New look for the ‘New Moon’

Kristen Stewart and Taylor Lautner star as Bella Swan and Jacob Black in New Moon, the sequel to the popular adaptation Twilight. Based on the book series by Stephanie Meyer, the films follow Bella as she struggles with romance in a world of vampires and werewolves.

By Lisa Henderson

It’s not often that a sequel completely blows its preceding film out of the water. Of course, it isn’t surprising that a $13 million budget increase would generate highly improved results.

New Moon is the continuation of a compelling love story uplifted by fantastical action and heart-stopping suspense. Accompanied by an attractive cast, the tale of good versus evil is told without a second of dull interaction or uninteresting, drawn-out conversation. Director Chris Weitz (director of The Golden Compass) demonstrates perfect plot fluidity from the film’s beginning to its end.

The plot again focuses on now 18-year-old Isabella “Bella” Swan, portrayed by Kristen Stewart (Adventureland, The Messengers). She becomes conflicted between her already professed love for vampire Edward Cullen (Robert Pattinson, Harry Potter and the Goblet of Fire) and her newly acquired feelings of close friendship for werewolf Jacob Black (Taylor Lautner, Cheaper by the Dozen 2).

Although both men have sworn to eternally protect Bella from other vampires who thirst for her blood, a new conflict arises when the Volturi, an ancient vampire council based in Italy, decides whether Bella will become a vampire so that she may forever remain in Edward’s life and keep the Cullens’ secret.

The acting may not be impeccable, as was made obvious in New Moon’s preceding film Twilight, but it has certainly improved since the saga’s debut. Stewart’s portrayal of Bella, in particular, leaves much to be desired and, of course, her excessive blinking and stuttering still ensues.

The awkwardness that Pattinson exudes in the first film works even less in this sequel, and his looks, intended as pained and tragic, seem more like they might be expressing constipation or gas.

Lautner’s performance shows a lack of experience but his genuine charisma helps to make the character more likeable than in the book and certainly more likeable than Edward.

Some of the supporting cast members, however, are more convincing in their roles. The now grown-up Dakota Fanning (Coraline) does a fine job playing the part of such an evil figure as Jane.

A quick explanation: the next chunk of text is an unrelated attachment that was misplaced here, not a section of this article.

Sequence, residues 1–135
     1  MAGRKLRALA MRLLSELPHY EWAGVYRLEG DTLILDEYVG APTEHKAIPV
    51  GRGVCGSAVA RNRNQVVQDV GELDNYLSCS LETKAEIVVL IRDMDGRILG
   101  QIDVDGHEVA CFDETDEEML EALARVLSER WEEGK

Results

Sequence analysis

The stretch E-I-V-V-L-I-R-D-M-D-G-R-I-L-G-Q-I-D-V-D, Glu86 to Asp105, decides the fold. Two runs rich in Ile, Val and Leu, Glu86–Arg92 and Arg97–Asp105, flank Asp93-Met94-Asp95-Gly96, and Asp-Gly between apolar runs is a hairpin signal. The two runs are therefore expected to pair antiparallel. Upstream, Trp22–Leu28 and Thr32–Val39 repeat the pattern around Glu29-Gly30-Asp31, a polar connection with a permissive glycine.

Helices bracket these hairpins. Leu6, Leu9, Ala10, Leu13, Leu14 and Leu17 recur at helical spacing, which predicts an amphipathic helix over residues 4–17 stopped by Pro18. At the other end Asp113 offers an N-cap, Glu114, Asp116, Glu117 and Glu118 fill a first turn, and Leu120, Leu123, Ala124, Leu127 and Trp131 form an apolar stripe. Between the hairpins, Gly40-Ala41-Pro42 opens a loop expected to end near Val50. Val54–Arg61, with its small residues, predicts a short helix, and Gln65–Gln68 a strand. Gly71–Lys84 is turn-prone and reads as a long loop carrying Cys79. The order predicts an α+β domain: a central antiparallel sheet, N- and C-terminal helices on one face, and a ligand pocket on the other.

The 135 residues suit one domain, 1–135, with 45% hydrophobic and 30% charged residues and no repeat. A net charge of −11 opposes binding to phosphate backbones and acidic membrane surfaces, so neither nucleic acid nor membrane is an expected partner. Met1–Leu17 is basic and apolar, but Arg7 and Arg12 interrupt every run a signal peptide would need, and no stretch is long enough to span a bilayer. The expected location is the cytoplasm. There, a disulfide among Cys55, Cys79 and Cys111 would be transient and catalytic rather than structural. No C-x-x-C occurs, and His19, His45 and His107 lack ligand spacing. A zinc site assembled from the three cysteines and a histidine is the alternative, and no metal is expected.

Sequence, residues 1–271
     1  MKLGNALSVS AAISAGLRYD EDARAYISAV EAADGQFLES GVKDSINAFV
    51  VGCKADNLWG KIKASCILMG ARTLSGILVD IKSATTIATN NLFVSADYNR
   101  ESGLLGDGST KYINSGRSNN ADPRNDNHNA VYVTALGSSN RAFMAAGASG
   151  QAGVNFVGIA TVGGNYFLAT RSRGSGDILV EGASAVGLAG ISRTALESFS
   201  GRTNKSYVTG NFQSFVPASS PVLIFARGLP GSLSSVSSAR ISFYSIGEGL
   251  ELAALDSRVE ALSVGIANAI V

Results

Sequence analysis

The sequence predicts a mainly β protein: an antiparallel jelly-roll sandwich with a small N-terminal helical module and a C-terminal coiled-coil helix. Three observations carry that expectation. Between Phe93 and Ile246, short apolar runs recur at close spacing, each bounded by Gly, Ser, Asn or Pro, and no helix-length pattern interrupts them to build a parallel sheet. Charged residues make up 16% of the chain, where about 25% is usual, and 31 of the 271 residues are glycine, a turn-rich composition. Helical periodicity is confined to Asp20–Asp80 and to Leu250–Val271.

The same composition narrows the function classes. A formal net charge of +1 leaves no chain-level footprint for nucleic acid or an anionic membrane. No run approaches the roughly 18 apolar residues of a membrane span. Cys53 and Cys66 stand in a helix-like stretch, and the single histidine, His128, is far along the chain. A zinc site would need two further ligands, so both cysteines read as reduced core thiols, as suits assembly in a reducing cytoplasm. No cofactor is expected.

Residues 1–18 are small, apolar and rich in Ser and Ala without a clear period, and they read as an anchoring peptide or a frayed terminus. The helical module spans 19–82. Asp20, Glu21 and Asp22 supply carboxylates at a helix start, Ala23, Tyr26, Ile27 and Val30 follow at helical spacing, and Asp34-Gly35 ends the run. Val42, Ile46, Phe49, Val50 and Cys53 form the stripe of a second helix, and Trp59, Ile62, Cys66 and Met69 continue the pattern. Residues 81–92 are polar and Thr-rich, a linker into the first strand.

New Moon’s soundtrack, however, is absolutely outstanding. Orchestral theme music by Alexandre Desplat is intermingled with various artists in the indie rock genre compiled by Alexandra Patsavas, who was also responsible for the Twilight soundtrack. Death Cab For Cutie’s “Meet Me on the Equinox” is the soundtrack’s most popular single and is joined with hits by The Killers, Muse and Swedish singer Lykke Li. Another notable track from this album is an emotion-evoking ballad entitled “Roslyn,” a collaboration by indie rock band Bon Iver and singer-songwriter St. Vincent.

It is apparent that New Moon’s budget increase went toward improving the special effects. The film features an array of fast-paced fight scenes, including werewolf vs. werewolf and werewolf vs. vampire. The increase yielded fantastic results, as the film grossed over $700 million, almost double what Twilight produced.

All in all, New Moon proved to be extremely successful, having set a record for highest-grossing box office at a midnight screening ($26.3 million). It truly does Stephenie Meyer’s novel justice,which is often impossible for adaptations of books. This movie is recommendable, whether you’re a hopeless romantic, an action-lover or just looking for a satisfying movie.

The Twilight Saga: Eclipse, the third installment in the series, will be released in theaters June 30.

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